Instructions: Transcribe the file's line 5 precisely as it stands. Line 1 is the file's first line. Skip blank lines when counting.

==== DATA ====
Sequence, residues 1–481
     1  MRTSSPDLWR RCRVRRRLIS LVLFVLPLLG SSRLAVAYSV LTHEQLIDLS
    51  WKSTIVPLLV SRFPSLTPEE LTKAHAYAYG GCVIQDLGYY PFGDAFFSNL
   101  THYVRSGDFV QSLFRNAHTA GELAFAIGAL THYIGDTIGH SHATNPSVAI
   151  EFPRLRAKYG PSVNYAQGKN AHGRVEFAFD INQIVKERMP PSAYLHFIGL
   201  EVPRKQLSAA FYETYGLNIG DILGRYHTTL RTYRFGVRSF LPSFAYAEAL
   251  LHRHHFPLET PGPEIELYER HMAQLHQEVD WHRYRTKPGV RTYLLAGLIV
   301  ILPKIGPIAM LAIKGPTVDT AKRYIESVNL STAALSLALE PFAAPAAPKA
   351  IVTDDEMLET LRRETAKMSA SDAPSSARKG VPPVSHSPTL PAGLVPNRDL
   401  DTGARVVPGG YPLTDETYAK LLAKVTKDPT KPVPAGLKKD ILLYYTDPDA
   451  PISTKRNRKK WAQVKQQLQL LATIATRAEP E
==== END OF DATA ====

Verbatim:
   151  EFPRLRAKYG PSVNYAQGKN AHGRVEFAFD INQIVKERMP PSAYLHFIGL